The 48-member group will perform Cenotaph (Fanfare for Band), Epinicion, Courtly Airs and Dances, Charleston Capers (with Doug Rosener as guest soloist), Night Dances, and the Billboard March.

A reception in honor of the performers will be hosted by Tau Beta Sigma in the Music Building atrium after the concert.

The Symphony Orchestra Concert is scheduled for 7:30 p.m. Saturday, also in Killinger Auditorium. Admission to the three programs is $5, with students and friends of music free.

Student recitals during the week include Rebecca Hicks, vocal, at 8 p.m. Wednesday, and Christie Allen, flute, at 8 p.m. Friday, both in the Recital Hall. Admission to student recitals is free. Call 294-1360 for information on music events.


Barbara Walvoord, professor of English at the University of Notre Dame, who is credited with starting the writing-across-the-campus emphasis 27 years ago, will present an all-day program at SHSU March 10. Registration deadline is Wednesday.

Sessions are scheduled to answer the questions: How Do I Design Writing Assignments That Work?; How Do I Sustain Student Discussion?; Writing Enhancement: What's in It for Me?; and, How Do I Make Large Classes Interactive?

The program is sponsored by the Across-the-University Writing Program and the Office of Research and Sponsored Programs.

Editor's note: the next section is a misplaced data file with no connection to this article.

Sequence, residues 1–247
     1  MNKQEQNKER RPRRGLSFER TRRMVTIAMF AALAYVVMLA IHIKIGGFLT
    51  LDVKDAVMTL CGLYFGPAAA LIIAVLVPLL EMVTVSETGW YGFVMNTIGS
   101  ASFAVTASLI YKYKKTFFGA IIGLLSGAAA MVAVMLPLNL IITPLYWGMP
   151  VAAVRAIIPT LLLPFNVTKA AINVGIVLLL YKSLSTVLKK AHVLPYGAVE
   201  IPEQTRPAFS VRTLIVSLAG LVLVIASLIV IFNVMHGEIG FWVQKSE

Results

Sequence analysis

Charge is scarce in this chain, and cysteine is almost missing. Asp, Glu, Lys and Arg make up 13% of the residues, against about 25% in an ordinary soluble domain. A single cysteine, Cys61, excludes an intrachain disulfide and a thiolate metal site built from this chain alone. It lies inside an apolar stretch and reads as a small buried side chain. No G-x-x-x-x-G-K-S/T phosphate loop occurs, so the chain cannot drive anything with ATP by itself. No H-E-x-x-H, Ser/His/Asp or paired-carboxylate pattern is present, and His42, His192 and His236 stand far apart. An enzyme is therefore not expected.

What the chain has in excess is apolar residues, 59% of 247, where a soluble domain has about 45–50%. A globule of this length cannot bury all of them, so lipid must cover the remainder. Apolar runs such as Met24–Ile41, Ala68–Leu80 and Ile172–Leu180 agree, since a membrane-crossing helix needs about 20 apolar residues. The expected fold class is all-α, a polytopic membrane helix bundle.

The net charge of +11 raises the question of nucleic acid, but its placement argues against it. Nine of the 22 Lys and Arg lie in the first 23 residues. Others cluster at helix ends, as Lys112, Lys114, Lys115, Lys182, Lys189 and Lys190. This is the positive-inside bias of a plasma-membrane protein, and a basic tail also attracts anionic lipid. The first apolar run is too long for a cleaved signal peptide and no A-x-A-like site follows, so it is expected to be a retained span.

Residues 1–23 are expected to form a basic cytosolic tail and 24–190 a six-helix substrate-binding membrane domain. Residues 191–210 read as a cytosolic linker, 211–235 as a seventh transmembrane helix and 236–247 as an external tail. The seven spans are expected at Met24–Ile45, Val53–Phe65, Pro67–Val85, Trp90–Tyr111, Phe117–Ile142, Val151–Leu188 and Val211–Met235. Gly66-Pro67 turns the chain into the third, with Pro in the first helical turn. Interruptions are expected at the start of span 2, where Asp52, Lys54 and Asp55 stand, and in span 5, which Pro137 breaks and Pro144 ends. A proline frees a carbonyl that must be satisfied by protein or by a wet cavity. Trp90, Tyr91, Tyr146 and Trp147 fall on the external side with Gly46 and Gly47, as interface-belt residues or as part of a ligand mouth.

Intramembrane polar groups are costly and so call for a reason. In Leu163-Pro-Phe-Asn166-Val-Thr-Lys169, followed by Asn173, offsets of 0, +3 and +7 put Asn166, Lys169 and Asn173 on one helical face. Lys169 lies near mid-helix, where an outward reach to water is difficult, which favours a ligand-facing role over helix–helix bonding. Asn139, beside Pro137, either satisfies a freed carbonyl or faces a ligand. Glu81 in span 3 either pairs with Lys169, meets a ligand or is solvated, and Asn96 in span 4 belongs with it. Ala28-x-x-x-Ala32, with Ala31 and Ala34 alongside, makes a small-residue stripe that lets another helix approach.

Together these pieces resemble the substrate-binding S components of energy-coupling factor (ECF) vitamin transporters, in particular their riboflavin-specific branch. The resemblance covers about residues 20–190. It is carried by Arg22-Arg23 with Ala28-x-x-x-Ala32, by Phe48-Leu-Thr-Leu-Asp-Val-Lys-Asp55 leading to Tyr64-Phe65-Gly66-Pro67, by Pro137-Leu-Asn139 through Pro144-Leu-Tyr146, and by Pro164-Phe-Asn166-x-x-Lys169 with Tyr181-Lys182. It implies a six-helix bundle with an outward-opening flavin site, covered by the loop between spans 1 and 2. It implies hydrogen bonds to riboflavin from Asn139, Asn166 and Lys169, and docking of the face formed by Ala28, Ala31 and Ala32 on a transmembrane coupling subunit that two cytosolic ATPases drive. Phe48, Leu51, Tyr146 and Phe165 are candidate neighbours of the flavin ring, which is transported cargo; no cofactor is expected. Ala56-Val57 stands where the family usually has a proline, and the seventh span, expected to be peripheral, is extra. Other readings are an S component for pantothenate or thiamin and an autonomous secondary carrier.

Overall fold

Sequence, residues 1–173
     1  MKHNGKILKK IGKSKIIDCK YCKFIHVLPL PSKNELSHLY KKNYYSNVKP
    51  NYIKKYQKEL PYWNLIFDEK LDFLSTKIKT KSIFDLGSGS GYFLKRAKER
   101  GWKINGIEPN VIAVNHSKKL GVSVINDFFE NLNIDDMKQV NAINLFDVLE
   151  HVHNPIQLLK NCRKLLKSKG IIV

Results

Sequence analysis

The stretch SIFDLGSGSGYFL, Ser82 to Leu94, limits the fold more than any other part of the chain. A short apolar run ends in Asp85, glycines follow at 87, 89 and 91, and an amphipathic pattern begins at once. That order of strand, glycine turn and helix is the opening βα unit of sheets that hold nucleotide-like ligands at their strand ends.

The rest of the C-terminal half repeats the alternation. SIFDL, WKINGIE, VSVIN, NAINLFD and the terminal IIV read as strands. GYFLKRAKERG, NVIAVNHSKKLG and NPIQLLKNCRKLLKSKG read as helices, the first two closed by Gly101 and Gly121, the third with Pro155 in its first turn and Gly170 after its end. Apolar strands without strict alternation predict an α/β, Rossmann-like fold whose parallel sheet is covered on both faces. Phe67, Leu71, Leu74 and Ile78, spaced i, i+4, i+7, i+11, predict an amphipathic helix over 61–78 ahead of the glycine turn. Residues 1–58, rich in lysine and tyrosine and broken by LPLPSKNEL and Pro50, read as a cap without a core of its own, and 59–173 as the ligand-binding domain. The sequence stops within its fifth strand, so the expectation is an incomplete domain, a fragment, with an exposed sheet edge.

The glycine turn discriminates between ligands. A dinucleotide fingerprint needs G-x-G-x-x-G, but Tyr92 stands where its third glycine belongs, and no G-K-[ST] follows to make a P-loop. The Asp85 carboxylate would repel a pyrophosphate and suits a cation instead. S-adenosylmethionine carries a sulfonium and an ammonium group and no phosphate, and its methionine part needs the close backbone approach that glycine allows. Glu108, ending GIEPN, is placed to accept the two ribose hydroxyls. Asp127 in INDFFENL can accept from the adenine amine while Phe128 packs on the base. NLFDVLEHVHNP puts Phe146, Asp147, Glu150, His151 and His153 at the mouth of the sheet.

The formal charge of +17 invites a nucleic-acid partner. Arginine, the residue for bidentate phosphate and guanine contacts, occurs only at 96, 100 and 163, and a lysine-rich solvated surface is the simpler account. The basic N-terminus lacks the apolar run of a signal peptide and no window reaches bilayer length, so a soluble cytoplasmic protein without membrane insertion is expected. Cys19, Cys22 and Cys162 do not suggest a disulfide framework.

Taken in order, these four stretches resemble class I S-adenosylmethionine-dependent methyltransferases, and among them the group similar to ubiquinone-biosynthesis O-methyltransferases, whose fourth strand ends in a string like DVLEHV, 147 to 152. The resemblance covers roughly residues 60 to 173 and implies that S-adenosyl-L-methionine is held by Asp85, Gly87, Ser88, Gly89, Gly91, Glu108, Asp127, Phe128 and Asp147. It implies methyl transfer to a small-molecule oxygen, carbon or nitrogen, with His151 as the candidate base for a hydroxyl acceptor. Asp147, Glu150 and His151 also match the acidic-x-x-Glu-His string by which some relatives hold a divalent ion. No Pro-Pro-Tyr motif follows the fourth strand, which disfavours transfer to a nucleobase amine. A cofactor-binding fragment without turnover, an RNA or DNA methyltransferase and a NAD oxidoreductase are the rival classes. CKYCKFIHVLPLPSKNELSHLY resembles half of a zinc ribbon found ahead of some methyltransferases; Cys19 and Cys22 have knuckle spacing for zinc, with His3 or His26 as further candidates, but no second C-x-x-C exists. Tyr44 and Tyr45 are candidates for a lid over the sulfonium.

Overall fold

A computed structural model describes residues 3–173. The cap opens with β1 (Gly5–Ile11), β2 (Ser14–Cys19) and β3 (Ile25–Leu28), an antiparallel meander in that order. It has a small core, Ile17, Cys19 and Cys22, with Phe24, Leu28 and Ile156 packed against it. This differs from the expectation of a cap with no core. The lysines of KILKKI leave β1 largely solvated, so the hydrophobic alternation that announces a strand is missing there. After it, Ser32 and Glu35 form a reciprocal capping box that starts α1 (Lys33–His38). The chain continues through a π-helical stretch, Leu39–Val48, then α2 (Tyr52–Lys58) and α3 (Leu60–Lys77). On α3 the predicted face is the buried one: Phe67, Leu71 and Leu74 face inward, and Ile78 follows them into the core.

Presentations are scheduled from 8 a.m. until 3:15 p.m. in Room 312 of the Lowman Student Center. Contact Patricia Williams at 294-1143 for registration information.


Robert Dunning, SHSU registrar, is serving a two-year term as vice president for registration and records for the Texas Association of Collegiate Registrars and Admissions Officers.

Dunning's work includes direction for five committees who are working to organize 20 professional workshops and presentations for the organization's annual conference in November.

At the Southern Association of Collegiate Registrars and Admissions Officers conference in mid-February, Dunning was selected as a nominee to serve on the organization's 1997-'98 Nominating and Election Committee.


Monday is the deadline for Alpha Chi members to contact Patricia Williams, society sponsor, concerning plans to make presentations at the Alpha Chi national convention in Philadelphia April 3-5.

The national college honor scholarship society will hold its spring banquet and initiation Monday in the Lowman Student Center Ballroom. President Bobby K. Marks will be the guest speaker.

Williams said that the SHSU chapter of Alpha Chi has been named the outstanding chapter in the southwest region, and members are preparing their entry for national honors competition at the national convention.


Media Contact: Frank Krystyniak

March 2, 1997